Professional studies of engraved marine shell gorgets are briefly surveyed. Gorgets known from publications and public activities of the relic collecting community are described. Examples of gorgets from such unconventional sources are pictured. The validity of unconventional gorget information is discussed. The case is made that gorgets from unconventional sources are worthy of professional study because, even when lacking detailed provenience information, they yield information about the cultures that made them and about connections among those cultures. Fakes are considered. It is concluded that judicious studies of this type are valuable for obtaining regional cultural insights.

Sheldon R. Burdin, Kentucky Archeological Survey and David N. Fuerst, New River Gorge National River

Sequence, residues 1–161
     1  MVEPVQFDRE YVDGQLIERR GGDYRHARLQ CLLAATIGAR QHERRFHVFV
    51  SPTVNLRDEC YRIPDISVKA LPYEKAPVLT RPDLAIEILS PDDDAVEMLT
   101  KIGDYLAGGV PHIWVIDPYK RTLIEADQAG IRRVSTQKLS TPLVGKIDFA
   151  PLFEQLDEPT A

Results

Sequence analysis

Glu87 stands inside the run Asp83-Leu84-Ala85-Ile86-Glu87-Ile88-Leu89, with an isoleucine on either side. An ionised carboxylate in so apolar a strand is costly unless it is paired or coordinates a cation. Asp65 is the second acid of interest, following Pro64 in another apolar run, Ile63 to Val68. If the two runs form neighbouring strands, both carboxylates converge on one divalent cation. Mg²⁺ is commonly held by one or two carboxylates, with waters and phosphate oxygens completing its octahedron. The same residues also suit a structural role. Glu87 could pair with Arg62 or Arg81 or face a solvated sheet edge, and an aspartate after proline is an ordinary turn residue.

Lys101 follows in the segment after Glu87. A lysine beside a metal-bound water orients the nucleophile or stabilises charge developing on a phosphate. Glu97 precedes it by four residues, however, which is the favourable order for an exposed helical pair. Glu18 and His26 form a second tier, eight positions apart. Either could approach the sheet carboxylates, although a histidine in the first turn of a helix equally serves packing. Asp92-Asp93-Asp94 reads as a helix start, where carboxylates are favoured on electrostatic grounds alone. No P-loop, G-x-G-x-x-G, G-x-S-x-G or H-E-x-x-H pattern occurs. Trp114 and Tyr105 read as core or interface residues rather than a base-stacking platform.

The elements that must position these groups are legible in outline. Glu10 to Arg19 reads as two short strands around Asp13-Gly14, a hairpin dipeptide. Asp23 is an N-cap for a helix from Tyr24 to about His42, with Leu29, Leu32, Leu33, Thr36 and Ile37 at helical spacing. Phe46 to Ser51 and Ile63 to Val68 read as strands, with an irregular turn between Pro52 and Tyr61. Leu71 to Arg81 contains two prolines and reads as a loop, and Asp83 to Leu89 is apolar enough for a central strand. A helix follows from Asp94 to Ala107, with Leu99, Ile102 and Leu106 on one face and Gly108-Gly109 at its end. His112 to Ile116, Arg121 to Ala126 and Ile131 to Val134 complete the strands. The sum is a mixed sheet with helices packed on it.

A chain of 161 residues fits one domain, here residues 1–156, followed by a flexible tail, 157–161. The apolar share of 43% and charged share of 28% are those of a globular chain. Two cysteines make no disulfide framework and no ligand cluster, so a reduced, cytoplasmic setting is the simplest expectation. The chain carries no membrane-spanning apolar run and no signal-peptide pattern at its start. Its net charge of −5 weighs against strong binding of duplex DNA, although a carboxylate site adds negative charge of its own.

Archeological Investigations of the New River Lowlands: A Preliminary Report
During the summer and fall of 2009, the Kentucky Archeological Survey and members of the West Virginia Archeological Society conducted archeological survey and exploratory excavations in lowland settings along the New River between Meadow Creek and Hinton, WV. The work was done for the New River Gorge National River and is part of the park’s long-term efforts to understand prehistoric Native American land use patterns. The survey identified several archeological sites in different lowland locations and re-examined the 46Su30, 46Rg10, and 46Rg72 sites. Geophysical and exploratory testing at the 46Rg7 site documented the presence of a dense Late Prehistoric agricultural occupation evidenced by a deep intact midden, hearths, storage and refuse pits, postmolds, and materials that included corn, nutshell, and limestone-tempered and mussel shell tempered pottery that appears to date to the 13th to 14th century.